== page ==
There seems to have been a recent increase in tourist souvenirs and other memorabilia containing the representation of The Pope.  Some reasons for this include the great popularity of Pope Francis (the 266th and current Pope of the Roman Catholic Church) among Catholic people and the easy access to the Pope’s photographs online.  The use of unauthorised images, symbols and official coats of arms fall within the legal scope of trade mark as well as competition law for prosecution in Italy.

Protection of The Pope’s image and holy symbols are reportedly being stepped up after a statement by the Secretariat of State was released warning against unauthorised use and misuse of the image of Pope Francis.  Image right protection is particularly strong in Italy, in fact the law states:

“If the image of a person, their parents, their spouse or their children is used or published outside the cases in which use or publication is allowed by the law, or in such a way as to cause prejudice to the honour or reputation of the person themselves or their said relatives, a judicial authority upon request of the person, can repress the violation and order payment of damages.”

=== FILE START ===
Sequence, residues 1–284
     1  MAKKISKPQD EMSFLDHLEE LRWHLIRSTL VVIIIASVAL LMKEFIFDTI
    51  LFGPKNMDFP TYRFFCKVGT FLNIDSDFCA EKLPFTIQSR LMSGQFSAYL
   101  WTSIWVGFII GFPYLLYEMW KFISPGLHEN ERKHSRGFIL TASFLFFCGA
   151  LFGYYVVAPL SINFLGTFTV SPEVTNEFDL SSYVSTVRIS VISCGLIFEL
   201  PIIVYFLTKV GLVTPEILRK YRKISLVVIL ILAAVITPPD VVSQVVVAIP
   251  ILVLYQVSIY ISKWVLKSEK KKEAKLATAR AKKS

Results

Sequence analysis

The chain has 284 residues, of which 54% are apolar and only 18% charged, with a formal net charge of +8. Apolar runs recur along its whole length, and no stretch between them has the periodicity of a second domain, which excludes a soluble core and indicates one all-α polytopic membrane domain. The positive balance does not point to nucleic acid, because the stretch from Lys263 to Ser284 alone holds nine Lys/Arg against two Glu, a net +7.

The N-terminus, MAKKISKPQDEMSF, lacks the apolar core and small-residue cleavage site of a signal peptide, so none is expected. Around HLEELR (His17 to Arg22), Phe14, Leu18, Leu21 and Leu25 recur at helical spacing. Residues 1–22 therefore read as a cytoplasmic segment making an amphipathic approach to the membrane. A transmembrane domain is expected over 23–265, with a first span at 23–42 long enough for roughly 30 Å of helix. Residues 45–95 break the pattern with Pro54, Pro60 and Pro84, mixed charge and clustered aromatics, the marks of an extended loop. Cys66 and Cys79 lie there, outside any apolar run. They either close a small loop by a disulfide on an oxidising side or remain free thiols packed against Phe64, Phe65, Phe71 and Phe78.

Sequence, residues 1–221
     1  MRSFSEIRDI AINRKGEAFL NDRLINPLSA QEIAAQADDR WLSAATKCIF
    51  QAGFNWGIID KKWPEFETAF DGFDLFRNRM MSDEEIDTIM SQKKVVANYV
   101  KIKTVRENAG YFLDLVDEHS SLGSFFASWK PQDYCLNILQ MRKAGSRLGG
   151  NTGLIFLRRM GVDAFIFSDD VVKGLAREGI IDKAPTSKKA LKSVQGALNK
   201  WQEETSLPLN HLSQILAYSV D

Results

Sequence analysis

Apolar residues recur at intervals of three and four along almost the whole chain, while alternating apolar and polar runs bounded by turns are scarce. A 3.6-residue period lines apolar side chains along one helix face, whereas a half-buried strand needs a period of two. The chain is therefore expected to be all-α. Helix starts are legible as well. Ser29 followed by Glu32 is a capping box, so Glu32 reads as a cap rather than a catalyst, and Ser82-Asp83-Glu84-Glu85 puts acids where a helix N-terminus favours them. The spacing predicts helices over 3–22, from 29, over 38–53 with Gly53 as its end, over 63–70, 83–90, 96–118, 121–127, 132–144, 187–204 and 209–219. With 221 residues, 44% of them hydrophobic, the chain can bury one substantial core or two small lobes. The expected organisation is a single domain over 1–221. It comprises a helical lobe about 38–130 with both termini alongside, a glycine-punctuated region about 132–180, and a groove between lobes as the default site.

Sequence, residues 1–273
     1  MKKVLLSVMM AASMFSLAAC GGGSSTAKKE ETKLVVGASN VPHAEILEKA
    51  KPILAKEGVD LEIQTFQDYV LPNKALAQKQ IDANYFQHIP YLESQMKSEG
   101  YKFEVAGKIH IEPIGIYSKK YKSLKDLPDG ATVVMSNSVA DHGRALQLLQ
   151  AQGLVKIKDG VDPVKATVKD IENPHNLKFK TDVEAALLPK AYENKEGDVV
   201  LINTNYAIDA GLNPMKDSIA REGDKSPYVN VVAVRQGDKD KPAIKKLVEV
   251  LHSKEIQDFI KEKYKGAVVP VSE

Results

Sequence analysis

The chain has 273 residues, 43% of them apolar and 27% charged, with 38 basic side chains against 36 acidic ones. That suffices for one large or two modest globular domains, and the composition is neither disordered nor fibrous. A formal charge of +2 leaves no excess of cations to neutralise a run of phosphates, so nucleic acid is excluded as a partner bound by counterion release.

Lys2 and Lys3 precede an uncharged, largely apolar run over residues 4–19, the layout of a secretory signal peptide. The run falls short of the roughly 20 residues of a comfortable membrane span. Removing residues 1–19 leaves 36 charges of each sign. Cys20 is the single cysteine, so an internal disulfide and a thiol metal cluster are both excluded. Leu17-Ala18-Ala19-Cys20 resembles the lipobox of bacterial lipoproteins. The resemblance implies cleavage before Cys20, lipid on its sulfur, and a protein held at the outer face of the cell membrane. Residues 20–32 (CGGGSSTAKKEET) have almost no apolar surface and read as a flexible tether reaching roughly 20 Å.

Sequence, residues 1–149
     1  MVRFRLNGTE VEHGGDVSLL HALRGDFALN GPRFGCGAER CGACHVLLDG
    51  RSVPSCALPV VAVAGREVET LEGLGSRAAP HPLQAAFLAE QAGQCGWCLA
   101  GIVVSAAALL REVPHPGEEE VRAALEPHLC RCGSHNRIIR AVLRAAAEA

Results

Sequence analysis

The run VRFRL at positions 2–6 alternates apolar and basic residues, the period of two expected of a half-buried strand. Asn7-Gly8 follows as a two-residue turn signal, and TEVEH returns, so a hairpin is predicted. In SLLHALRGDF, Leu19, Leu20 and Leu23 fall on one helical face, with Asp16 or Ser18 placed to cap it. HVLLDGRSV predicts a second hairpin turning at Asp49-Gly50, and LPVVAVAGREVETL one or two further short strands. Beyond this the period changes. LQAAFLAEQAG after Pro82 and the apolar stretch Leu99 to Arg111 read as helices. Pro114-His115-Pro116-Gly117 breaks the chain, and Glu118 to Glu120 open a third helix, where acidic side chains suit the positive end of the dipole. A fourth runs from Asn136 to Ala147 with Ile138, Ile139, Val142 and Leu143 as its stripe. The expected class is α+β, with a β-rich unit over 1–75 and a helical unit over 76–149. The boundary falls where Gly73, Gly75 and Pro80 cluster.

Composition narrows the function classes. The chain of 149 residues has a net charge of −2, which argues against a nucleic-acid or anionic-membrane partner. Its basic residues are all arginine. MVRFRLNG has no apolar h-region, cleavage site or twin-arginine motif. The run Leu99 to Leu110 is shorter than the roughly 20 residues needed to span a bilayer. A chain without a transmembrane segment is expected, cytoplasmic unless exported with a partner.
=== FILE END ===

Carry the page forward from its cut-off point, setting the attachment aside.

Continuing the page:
The Secretariat of State has also reportedly hired a law firm to monitor and repress any unauthorised third-party uses of the image of The Pope, sending cease-and-desist letters on behalf of the Vatican.

So it would seem that any memorabilia containing The Pope’s image or other holy symbols without prior authorisation from the ecclesiastical jurisdiction of the Catholic Church in Rome are illegal and should therefore be avoided.